Journal of allied health

sciences

1   X X X 2,000  
  2 X   X X 0  
  3 X X   X 0  
  4 X X X    4,000  
               

 

Summary of search results activity and selection of

Key papers according to hierarchy of evidence

As could have been observed key terms multifactorial and fall prevention were mostly found during the Google search. Generally, the Google search seemed more productive with Journal of Allied Health Sciences least effective. Studies selected as evidence based assumptions are listed in the table below:-

Table showing selection of key papers according to hierarchy of evidence

Creation of table summarizing key elements

# Citation Study Design Sam-

ple size and

Statis-tical met-

hods

Purpose/

Results/

Find-

ings

Limita-

tions

Conclusion/

Recommenda-

tions/

Nursing implications

Quality of Evidence
1. Costello, E., & Edelstein, J. (2008). Update on falls prevention for community-dwelling older

adults: Review of single and multifactorial intervention programs. Journal of            Rehabilitation Research & Development, 45(8),1135-1152

Critical analy-

sis of litera-

ture

12 pieces of litera-

Ture

No statistics quali-

tative

data analysis

Update  knowledge regarding fall prevention for community-dwelling older adults: Review of single and multifacto-

rial

intervene-

tion programs

Litera-

ture reviews are secon-dary data. As such, conclu-

sions are minted to the congre-

gate views of research

her’s work from the literature available on the subject

Multifac-

torial intervention

must embrace

assessment of

a multiple fall

prevention strategies and measures to prevent them.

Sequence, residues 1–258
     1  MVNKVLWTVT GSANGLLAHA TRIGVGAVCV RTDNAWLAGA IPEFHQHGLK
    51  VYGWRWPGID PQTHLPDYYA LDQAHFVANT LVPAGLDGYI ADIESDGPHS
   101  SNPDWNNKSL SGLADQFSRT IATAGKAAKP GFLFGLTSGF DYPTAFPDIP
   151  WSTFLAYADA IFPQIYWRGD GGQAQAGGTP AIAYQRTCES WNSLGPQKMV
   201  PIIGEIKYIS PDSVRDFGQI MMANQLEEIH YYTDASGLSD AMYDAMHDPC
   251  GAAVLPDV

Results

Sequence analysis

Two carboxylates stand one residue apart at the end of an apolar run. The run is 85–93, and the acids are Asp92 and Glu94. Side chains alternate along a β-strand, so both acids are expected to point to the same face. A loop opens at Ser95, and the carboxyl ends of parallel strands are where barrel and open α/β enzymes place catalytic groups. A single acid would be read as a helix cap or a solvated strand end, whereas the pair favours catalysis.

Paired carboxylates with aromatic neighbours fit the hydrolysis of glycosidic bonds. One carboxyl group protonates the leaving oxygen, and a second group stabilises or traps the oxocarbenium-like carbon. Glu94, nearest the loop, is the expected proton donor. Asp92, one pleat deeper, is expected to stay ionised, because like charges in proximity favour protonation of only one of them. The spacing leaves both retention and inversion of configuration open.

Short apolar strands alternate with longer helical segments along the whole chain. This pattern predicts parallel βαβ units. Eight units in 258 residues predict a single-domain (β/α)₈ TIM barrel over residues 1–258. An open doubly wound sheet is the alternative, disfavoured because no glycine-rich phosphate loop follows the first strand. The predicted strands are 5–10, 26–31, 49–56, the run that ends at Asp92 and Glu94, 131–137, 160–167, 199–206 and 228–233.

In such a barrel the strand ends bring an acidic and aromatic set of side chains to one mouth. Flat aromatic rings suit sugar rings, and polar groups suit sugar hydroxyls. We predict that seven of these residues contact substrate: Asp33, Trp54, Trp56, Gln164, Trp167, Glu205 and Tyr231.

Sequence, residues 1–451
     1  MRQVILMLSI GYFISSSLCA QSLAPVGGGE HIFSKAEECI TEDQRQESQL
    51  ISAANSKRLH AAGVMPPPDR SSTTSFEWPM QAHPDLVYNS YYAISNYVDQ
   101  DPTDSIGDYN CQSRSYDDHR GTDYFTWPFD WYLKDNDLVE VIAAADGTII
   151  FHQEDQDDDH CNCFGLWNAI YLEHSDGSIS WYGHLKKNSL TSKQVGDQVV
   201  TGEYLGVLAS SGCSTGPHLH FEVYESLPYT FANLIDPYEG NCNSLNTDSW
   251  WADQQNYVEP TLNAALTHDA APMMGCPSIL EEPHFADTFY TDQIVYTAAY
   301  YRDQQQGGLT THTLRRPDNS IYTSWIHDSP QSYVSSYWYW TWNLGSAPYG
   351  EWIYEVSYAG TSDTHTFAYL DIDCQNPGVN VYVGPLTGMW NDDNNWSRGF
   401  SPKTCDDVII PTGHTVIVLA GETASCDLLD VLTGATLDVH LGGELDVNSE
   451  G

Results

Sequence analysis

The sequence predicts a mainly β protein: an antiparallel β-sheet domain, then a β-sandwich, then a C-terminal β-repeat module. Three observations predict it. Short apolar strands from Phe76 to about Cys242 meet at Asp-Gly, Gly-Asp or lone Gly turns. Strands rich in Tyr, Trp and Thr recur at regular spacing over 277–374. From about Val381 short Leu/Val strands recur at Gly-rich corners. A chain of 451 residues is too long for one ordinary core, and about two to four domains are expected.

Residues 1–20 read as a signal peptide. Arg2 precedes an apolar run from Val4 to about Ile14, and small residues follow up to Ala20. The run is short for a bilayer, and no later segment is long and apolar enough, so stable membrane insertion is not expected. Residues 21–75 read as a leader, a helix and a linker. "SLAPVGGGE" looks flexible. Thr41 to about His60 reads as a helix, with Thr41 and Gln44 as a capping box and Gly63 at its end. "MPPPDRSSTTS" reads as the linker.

Evidence level:-

Secondary

Evidence grade: 11

2. Lee Smith, M. Jiang, L., & Ory, M. (2012). Falls Efficacy among Older Adults Enrolled in an

Evidence-Based Program to Reduce Fall-Related Risk Sustainability of Individual Benefits

Over Time. Fam Community Health. 35(3), 256-26

Linear mixed model and multi-level

logistic

regres-

sion

2480 older adults

began the program

and

 

282 comp-

leted 6 month follow up.

 

Statis-tical

analy-

sis of vari-

ance was cond-ucted.

To evaluate the effectiveness of

‘A Matter of Balance/

Volunteer Lay Leader Model evidence-based fall risk reduction program. The program was proven to be beneficial

to older adults

The limitation regards efficacy when 9% of

Partic-

pants

comp-

leted  6 month

follow. This make concl-

usion very difficult to validate.

 

There was significant sustain-

-ability in fall prevention among the elderly

due to programs.

Recommen-

dations are that these programs should be con- tinuously evaluated for  efficacy with the aim of

making them more applicable

techniques.

Evidence level:

Primary

Evidence Grade: 1

3. Peel, M. Travers, C. Bell, R., Smith K. (2009). Evaluation of a health service delivery     intervention to promote falls prevention in older people across the care continuum. Journal